“Ida!”
But he was far past hearing in his raging charge towards the assailants.
She pushed the door open as Kunle’s leg jammed the accelerator from his side. The dust flew as the car sped forth at full throttle. She fell back to the seat. She struggled up, turned to look behind them and saw Ida’s body hit the ground. Tears filled her eyes as she turned to Kunle.
“We would have been killed too. Keep your mind on the road.” he said in a very tired voice.
She was mute with shock. The car sped on passing a tee junction. She felt numb all over. She could not believe that the people she had grown to love and cherish as friends for a long time could just fade away in the space of a few minutes. Lights appeared from behind.
“Shit!” Kunle shouted. “Drive faster!”
He got into the back seat and reloaded his gun, head down.
Pow! Pow! Pow!  The three bullets shattered their rear glass. Kunle stuck his hand up and shot without aim. A loud shout of pain and some screeching assured him that his efforts had met with success. He raised his head:
“Yes!!” The shout was for the victory of conquering the assailants. It was short-lived as he noticed another car coming in the distance.
“Damn! Drive faster!!”
She drove on oblivious of Kunle.  The car behind seemed to stop or... Yeah. Some minutes later, Kunle heaved a sigh of relief as he turned his attention to the front. “We seemed to have lost them.”
Yes, they had lost them. She had seen Hassan falling to the ground. Hassan, the father of the recently born baby boy he had longed to have for years. Ibun fell unto Ida in blood. Ibun, whose mother kept calling him “My baby,” though he was twenty six years old. That sick mother in the village who would probably die of her ailment without the assistance of her two boys. There was the heroic Ida who would rather die with his brother in battle. He wondered what their mother would do. And Kunle…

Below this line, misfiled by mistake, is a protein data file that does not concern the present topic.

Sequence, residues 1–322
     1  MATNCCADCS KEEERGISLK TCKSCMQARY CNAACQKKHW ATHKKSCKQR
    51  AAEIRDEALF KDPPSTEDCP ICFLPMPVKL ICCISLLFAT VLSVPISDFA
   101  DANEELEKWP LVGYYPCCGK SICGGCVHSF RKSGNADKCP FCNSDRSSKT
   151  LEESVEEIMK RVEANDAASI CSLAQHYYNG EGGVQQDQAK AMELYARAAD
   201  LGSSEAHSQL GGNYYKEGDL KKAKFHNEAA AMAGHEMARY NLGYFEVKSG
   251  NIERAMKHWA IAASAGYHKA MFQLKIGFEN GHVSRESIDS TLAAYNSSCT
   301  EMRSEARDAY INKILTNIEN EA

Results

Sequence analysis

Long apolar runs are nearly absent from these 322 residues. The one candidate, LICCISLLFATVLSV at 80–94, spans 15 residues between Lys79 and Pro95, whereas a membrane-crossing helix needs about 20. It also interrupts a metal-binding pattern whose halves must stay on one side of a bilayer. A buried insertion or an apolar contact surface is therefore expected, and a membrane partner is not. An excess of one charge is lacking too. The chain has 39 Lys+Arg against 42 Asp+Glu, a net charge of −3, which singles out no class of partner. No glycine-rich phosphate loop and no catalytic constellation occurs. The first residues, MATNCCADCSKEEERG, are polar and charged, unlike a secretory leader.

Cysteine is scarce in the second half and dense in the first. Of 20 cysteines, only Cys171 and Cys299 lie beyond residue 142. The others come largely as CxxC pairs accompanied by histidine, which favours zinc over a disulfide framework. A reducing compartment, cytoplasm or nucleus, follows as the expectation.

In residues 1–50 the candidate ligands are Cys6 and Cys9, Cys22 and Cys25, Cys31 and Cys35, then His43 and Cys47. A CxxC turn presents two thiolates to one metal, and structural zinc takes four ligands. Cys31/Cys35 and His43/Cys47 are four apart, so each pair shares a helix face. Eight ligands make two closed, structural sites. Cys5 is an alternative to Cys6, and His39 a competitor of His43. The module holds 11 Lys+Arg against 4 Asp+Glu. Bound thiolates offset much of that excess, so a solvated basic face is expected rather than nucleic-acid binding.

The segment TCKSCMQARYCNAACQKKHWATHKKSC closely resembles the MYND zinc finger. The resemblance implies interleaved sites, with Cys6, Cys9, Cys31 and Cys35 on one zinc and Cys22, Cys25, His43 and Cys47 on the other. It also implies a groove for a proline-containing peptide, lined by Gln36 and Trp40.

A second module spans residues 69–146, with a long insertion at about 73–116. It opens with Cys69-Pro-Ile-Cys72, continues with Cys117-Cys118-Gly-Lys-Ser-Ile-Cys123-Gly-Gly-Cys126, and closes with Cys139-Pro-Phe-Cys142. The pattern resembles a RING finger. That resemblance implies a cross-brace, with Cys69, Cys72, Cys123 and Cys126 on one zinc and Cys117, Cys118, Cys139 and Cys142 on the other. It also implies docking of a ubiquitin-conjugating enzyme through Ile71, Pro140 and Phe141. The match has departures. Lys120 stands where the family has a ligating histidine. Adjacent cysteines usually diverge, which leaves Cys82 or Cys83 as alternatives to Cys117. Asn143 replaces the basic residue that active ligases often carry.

“Ahhhhhhhh!”
 She came back to as two shots found Kunle. She hit the brakes as he hit the back of her seat.
“Kunle!” She reflexively carried the gun and moved to the back seat shooting at the vehicle Kunle had earlier seen. She fired some shots just as the car came to the side of theirs and hit bull’s eye. She was hit in that instant too. Her breathing became hard, vision blurred. With her failing sight, she looked at the bag and wondered...

Sunday, 23 October 2011

GENDER CHANGES AND MOTHERHOOD by Su'eddie Agema


The piece is centred on certain views to gender change but more importantly, motherhood. In beginning, your permission is sought for just a little detour before the main gist...
So, what does one say about them – women that is. They are indeed the essence of everything that the world is. It has been said that there is nothing new under the sun; everything has been done in one way or the other. In essence, there is no inventing the wheel no more; it is just modifications. This is true of women. To talk about the values of women would be to just babble and repeat clichés that have been used from time immemorial. Do we talk about their physical qualities? Lovely hazel eyes; face that shines like the moon; lovely physique; figure eight... Is it their persons? There are descriptions to almost all the ladies we can come across, descriptions that we might want to personalise but have been used over and again. These descriptions come in personages of others who have lived long and granted names to the whole group; there is the great sweet mother of eternity that each one of us professes; Jezebel; Delilah; Mary; ... what description?